Scripture tells us that God’s ways are not our ways and neither is God’s freedom our freedom.
We look at the world and we see the injustice, the wrongs committed, human dignity is denied, nations threaten other nations, fear is pervasive and confusion seems to abound. We profess that God will certainly answer all of this but, so often, we then just assume that God will answer it as we would – through a show of power, force and dominance!
We are not alone in this, it has been the human fallback since the beginning – a sad result of our fall from the Garden of Eden. The people of Israel also held this. Their land was occupied by the world’s superpower, their kingdom was destroyed, their culture and religion was at odds with all of their neighbors yet, the idea of a messiah began to grow in the heart and hope of Israel, but they easily assumed that it would be a strongarm messiah who would vanquish the Romans, overcome all foes and restore Israel as the nation above all nations!
How little we understand the freedom of God.
God would send the messiah but simply and quietly – not leading an army but rather feeding the poor, healing the sick and preaching the Kingdom. The political oppression of Israel and the tumult among the nations was just the backdrop to the true story of God’s messiah and the oppression he came to confront and overcome – the oppression of sin and evil rooted deep in the human heart.
John the Baptist understood something of the freedom of God, so when he was questioned about his identity and the hope of the messiah, he was able to respond, “…there is one among you whom you do not recognize, the one who is coming after me, whose sandal strap I am not worthy to untie.” The messiah is not recognized because God’s freedom is not understood. God does not need the force of the world’s power nor is God bound by the terms of the world in accomplishing his will. God’s word is enough. God’s Spirit has been given.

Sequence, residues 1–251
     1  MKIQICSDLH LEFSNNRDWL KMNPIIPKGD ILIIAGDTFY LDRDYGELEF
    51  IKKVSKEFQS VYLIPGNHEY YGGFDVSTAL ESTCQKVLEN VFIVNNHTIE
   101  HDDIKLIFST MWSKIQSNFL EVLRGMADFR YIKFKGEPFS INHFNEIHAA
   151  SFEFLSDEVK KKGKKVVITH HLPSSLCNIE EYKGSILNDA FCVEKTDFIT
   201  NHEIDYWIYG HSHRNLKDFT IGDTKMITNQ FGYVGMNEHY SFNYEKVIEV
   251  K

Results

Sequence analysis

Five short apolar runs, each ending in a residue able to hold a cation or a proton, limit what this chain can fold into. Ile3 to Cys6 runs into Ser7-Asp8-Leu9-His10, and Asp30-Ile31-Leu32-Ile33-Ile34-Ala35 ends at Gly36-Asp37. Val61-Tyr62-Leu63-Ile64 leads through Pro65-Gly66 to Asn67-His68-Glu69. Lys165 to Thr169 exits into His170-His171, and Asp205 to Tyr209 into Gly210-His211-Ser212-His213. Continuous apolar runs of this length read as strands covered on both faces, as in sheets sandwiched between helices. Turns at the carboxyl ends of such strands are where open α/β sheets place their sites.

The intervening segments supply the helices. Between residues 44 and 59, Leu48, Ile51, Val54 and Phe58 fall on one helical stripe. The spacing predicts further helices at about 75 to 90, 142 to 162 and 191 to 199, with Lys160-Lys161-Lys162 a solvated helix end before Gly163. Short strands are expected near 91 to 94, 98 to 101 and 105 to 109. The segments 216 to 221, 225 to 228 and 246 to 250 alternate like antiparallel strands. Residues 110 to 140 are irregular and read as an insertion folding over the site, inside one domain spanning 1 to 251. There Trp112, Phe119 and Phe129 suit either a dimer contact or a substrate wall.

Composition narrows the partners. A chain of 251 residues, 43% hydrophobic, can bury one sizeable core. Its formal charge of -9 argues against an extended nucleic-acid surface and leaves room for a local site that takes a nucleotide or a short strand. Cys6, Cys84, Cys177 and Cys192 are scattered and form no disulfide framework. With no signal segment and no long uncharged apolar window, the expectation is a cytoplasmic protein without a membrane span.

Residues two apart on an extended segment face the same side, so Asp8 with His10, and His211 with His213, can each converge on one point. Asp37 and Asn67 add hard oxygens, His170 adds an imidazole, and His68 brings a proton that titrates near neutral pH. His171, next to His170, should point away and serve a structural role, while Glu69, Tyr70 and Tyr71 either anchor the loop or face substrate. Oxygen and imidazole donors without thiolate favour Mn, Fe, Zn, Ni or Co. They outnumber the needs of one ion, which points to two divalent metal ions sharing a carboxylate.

The single most important event in human history (outside of creation itself) is accomplished by Jesus in his death and resurrection in a small part of a vast empire and the powers of the world barely noticed it. God’s freedom is shown in this! Now, in Christ – as adopted sons and daughters – we also have been given this freedom and this hope.
Here is a simple question to reflect upon that can lead us, I believe, into a little deeper awareness of the freedom of God and now our freedom as his children. The question often asked at this time of year is “How am I, how are we, going to celebrate Christmas?” But here is a different question, “How am I, how are we, going to give Christmas?” Christmas is the celebration of God’s light and God’s freedom breaking into our world! How can I give that light? How can I live that freedom? It is an appropriate question to reflect upon on this third Sunday of Advent when we rejoice in the coming of Christ! Christ came that we might have life and that we might live the life we receive for others! Christ invites us into the very freedom of God.
How am I, how are we, going to give Christmas and learn (in a deeper way) the freedom of God?